It is beyond question that Psycroptic‘s The Scepter of the Ancients is one of the best technical death metal albums ever made. The tight songs, expansive feel, and virtuoso vocal performance (courtesy of Matthew “Chalky” Chalk) made it a landmark in the genre, catapulted Psycroptic into the global spotlight, and established a high water mark that the Chalky-free band could never quite match. Since Psycroptic helped put the Australian metal scene on the map, several acts like Ne Obliviscaris and Ulcerate have become darlings of the metal scene worldwide, experimenting with their own unique sound. But whatever happened to the rabid, thrashy tech-death that first emerged from Tasmania?
It’s as alive as ever. Not only are Psycroptic still putting out good1 and killer2 albums, but Chalky’s new band Mephistopheles is going strong, and the upcoming sophomore effort from Lacerta absolutely kicks ass. Lacerta takes the Scepter formula and runs with it, producing an album that, while derivative, is more than welcome. Eschewing the byzantine, winding technicality of modern Psyroptic for a straightforward Morbid Angel inspired riffing ideal, these songs are memorable, brutal, and devoid of the specter of wank that hangs over so many tech-death albums.
“Pillars of Deceit” takes a moment to get going, but everything after the 1:30 mark is complete quality, with tremolo Psycroptic riffs and – believe it – a tapped bass lead rounding out the first half of the song. Right off the bat, vocalist Gabe Latham impresses with a range of techniques and flair that obviously reference Chalky, and his gruff barks and bubbling screams push many of these songs from good into great territory. His pinched, nasal delivery in “Molecular Residue” kicks off a mid-paced burn that mixes vocal and riff contributions in perfect proportion; Latham takes the stage and the guitars play conservatively, but when he drops out, there’s a more ear-catching riff to be had. The leads that conclude the song show the strings finally taking over and making the most of their lack of competition.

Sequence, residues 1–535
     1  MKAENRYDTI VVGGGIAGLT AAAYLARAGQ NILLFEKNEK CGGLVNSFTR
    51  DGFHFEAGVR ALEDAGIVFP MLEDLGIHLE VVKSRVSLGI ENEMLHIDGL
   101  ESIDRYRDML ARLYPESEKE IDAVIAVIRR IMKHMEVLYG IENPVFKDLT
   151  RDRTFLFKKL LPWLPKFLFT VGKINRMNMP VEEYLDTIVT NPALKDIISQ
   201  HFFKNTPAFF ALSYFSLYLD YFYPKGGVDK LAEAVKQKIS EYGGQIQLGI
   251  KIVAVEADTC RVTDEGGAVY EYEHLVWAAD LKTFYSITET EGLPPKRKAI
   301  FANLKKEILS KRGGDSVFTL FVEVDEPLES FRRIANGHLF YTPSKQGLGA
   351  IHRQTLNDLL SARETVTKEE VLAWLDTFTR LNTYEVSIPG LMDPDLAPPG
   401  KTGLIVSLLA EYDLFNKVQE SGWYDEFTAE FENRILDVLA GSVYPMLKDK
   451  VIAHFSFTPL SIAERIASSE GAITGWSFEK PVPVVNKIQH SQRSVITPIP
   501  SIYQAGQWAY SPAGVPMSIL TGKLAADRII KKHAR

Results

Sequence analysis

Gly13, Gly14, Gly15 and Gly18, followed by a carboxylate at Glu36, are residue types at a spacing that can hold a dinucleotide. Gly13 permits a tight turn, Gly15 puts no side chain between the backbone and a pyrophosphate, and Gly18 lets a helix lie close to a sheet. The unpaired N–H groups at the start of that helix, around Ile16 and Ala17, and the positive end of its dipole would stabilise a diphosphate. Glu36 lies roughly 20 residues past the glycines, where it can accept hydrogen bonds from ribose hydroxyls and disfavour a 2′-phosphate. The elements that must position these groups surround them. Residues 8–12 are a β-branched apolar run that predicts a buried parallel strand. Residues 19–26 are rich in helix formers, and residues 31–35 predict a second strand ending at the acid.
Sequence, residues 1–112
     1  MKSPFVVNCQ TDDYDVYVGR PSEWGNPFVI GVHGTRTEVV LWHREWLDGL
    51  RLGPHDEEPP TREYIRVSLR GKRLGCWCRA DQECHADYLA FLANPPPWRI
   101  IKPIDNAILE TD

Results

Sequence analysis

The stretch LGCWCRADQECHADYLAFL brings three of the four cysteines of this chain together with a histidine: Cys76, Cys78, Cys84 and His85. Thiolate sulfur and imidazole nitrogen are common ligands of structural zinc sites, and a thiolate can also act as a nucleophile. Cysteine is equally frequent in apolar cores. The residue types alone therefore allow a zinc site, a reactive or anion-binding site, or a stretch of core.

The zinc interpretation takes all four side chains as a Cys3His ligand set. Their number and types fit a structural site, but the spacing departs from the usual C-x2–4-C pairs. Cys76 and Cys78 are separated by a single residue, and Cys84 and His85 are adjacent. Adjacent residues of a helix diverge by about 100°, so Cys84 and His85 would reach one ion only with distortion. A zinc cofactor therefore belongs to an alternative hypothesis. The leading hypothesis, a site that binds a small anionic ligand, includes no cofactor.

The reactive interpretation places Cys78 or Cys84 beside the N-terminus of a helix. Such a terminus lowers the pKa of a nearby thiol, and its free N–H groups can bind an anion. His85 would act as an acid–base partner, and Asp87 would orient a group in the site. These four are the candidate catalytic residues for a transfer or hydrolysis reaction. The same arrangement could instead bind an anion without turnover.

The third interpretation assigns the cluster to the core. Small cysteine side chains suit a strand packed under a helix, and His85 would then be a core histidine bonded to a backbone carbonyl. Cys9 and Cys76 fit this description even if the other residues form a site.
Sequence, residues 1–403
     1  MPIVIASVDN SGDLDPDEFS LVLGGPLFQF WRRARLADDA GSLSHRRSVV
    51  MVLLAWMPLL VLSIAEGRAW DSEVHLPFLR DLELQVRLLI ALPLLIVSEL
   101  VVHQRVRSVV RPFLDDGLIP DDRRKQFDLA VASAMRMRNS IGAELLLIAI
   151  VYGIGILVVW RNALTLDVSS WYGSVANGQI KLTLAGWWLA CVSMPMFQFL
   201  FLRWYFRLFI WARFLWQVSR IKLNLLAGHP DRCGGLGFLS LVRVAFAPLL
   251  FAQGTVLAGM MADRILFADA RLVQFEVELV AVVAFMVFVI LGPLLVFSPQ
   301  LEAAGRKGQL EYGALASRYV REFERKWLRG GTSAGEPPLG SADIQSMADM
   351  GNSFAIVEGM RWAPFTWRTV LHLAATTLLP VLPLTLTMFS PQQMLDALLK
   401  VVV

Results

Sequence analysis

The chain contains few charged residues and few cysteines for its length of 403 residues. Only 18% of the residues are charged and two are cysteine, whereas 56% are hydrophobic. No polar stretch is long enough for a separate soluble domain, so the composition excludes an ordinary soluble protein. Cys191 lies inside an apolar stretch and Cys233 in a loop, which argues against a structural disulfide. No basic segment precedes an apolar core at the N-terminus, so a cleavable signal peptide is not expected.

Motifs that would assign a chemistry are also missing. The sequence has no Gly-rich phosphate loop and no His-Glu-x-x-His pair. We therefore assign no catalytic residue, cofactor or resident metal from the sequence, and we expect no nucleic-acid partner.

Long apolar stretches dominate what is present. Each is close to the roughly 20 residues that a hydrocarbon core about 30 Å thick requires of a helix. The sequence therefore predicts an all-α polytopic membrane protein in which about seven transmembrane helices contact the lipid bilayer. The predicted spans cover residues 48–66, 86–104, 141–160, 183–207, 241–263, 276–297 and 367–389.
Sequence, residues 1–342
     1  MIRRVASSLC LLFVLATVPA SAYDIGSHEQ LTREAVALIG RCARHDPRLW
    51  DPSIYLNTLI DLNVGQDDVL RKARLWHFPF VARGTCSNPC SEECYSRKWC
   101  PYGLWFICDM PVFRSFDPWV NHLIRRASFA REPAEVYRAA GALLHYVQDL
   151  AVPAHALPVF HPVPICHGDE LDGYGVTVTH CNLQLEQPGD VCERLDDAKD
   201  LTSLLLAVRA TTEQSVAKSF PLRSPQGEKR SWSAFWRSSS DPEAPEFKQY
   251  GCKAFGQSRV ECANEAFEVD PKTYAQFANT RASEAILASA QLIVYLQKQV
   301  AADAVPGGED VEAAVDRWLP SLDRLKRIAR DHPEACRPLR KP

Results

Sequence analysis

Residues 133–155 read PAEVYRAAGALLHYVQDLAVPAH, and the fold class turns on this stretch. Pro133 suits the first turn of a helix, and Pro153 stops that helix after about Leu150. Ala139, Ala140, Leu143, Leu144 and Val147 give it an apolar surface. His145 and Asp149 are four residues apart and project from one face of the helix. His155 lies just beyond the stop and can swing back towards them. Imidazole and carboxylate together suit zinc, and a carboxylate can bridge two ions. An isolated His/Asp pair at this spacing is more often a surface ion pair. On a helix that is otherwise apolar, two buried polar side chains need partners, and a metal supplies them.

Not every riff on Lacerta is a winner, but none of the songs feel unnecessary or wanting for good material. There are clear peaks in riffage, like “Incubation of Tyrants,” but no song out of place, with enough thrashy personality and punctuating squealies to fit in with the rest of the album. Lacerta do love their pinch harmonics, and most of the album’s really killer riffs have more than one thrown in. Combine that with the very present, chunky bass, and you have an album with an almost slam-like audio profile that still feels a lot like Psycroptic in their salad days. Yet at the same time, the rough, clear production and occasionally cheesy vocal tidbits — like the laughter in “Void of Shadows” — gives Lacerta a kind of ’90s sheen that’s very welcoming.
It might not knock your socks off, but Lacerta is an album I have trouble finding problems with. It’s quite telling that my biggest issue with this album is its self-invented nomem dubium. Lacerta is adequately brutal, has the riffs, and it’s fun and concise enough to spin twice in a row without feeling bored. It sounds like Psycroptic but has its own personality, and doesn’t try to pull off any stunts. Lacerta seem to know what they’re capable of and they execute it with energy, something this album positively exudes. While it’s not quite year-end material, Lacerta should appeal to a wide base of death metal fans, and it’s something I’ll likely come back to in the future.